East and West
Though admiring of some aspects of Oriental thought (for example, belief in incarnation), Barfield's thought is through and through western, as the following sharp distinction between East and West (from Worlds Apart) make apparent: "The Oriental way is to become unborn again. The Occidental way is to grow up" (181).1

For Barfield, "The transition from East to West--the transition of the centre of gravity of civilization from East to West--signified the change that was taking place in human consciousness from awareness of a sort of residual participation in the Divine Mind, or creative Spirit, to an awareness only of exclusion from that participation" (UV 100). In their epistemes, East is East and West is West:

The Western outlook is based essentially on [the] turning of man's attention to the phenomena. which [I have called] alpha-thinking. This is sharply contrasted with the oriental impulse (still heard echoing on in Plato) to refrain from the phenomena, to remain, as it were, in the bosom of the Eternal, to disregard as irrelevant to man's true being, all that, in his experience, which is based on "the contacts of the senses." Oriental philosophy, hardly distinguishable from oriental theology, is based, above all, on a determination to regard the sense-world as Maya, or illusion. It was for this reason that, on its rediscovery in the nineteenth century, it made such a strong appeal to the few who were by then becoming dimly aware that the enlightenment of the West is based on idolatry. It is clear, however, that the way of the West lies, not back but forward; not in withdrawal from the contacts of the senses, but in their transformation and redemption. (SA 148)
East and West thus seek after very different forms of consciousness:
For the Eastern sage liberation from ordinary consciousness and the attainment of a-consciousness entail, in effect, the absorption of ordinary consciousness. Whereas the true Western impulse is rather to add extraordinary consciousness to ordinary consciousness.    . . . the impulse of the West is toward liberation by 'vision" rather than liberation by absorption. (RM 29)
The essential difference between East and West remains their respective orientation to time and history.
The Oriental conception of time [Barfield explains in Saving the Appearances] was essentially cyclic. The picture was one of eternal repetition rather than of beginning, progress and end, and the path of the individual soul to the bosom of eternity was a backward path of extrication from the wheels of desire in which it allowed itself to become involved. To reach, or to resume, the Supreme Identity with Brahma, with the Eternal, was the object and its achievement was a matter which lay directly between the individual and the Eternal. The Semitic way, on the other hand, was a way forward through history and it was a way, shared indeed by the individual, but trodden by the nation as a whole. (SA 150)2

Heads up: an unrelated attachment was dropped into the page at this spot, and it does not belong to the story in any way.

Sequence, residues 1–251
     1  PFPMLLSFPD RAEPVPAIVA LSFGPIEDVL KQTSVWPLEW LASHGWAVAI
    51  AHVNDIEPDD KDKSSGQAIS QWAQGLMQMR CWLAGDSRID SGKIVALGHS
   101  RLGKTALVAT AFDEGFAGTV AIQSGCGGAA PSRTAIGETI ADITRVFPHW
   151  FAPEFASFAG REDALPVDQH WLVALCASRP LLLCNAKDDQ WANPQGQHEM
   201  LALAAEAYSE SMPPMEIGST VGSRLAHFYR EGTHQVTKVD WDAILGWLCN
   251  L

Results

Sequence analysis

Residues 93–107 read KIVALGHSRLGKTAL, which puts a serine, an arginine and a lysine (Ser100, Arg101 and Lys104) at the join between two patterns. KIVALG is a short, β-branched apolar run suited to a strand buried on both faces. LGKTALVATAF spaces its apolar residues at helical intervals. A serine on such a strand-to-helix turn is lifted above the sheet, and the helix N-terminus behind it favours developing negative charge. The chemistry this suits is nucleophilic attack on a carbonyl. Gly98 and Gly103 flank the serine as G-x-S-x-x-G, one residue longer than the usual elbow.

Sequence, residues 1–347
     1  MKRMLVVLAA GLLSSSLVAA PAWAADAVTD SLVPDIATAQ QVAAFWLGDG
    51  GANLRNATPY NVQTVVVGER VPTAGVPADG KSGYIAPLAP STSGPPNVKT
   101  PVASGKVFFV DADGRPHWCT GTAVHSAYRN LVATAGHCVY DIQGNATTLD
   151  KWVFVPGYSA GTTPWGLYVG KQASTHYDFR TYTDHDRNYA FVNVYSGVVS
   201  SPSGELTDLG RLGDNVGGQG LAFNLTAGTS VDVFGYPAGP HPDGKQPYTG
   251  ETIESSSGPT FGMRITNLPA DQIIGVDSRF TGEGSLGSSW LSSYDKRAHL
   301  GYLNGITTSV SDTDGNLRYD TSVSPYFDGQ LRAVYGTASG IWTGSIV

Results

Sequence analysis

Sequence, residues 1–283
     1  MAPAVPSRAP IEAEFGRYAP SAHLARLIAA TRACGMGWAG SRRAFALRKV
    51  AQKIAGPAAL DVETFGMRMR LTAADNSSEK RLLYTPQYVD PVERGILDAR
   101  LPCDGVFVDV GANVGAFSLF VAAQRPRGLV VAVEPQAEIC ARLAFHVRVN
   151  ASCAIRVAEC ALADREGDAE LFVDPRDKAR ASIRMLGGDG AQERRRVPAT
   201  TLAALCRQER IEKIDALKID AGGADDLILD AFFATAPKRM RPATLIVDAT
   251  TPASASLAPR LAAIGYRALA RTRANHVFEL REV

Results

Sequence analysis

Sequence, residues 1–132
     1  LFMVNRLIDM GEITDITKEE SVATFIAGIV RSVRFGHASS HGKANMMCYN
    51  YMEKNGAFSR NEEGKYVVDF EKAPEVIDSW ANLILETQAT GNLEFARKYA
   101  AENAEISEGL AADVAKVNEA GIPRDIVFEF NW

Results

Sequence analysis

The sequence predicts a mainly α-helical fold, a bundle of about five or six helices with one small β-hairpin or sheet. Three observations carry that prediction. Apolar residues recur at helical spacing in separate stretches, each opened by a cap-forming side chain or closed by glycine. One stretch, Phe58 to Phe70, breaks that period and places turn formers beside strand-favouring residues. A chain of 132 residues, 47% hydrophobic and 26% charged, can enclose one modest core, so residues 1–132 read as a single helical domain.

But Barfield does not entirely rule out some kind of reciprocal interchange or cross-pollination between East and West and even offers a metaphoric way of understanding such a possibility: "Perhaps one could use an electrical metaphor and speak of East and West as two sources of potential energy and of the spark that unites, or the current that flows, as a result of their momentary juxtaposition" (RM 79). Moreover, he imagines the two mind-sets able to teach something of supreme importance to each other:
I would suggest that the East will only understand its own "path" in the terms demanded of our own time, if it learns to link to its own tradition all that the West has been developing as history; and conversely I hold it equally true that the West will only understand its own history--its own child, as it were--by learning to interpret it in terms of a "progress," somewhat resembling that Eastern "path" of the individual soul from terrestrial to divine. (RM 259)
See in particular Unancestral Voice, Chaps. 7 & 8, "From East to West" (RCA 7-24).
1"We seem faced . . . ," Barfield acknowledges in "Where is Fancy Bred," "with such a close and constant interpenetration [of East and West] as may lead to something like a single homogenous culture over the whole face of the globe-under the predominance no doubt (at least in its early stages) of Western tradition and Western impulse" (RM 79-80).
2In Unancestral Voice, the Meggid puts this distinction into Anthroposophical language:
    He saw, then, the consciousness of the East, with its predominately cyclic concept of time, stretching backward into the mists of antiquity and pre-history, and that of the West, with its contrasted linear concept, stretching forward into the future. So much for the generalization. . . . He saw the West striving, how vigorously, to repudiate the transformation which had brought it to birth, to expunge the past ouf of which it had grown, and to snap the link with its own youth, its own former being. But even more clearly than this he saw . . . the East struggling to preserve itself intact from the appointed transformation. Yet in the same moment he was aware, thanks to the Meggid, that it was not the West itself that was struggling to deny transformation; it was Ahriman. And it was not the East itself that was willing to defy transformation; it was Lucifer. (84-85)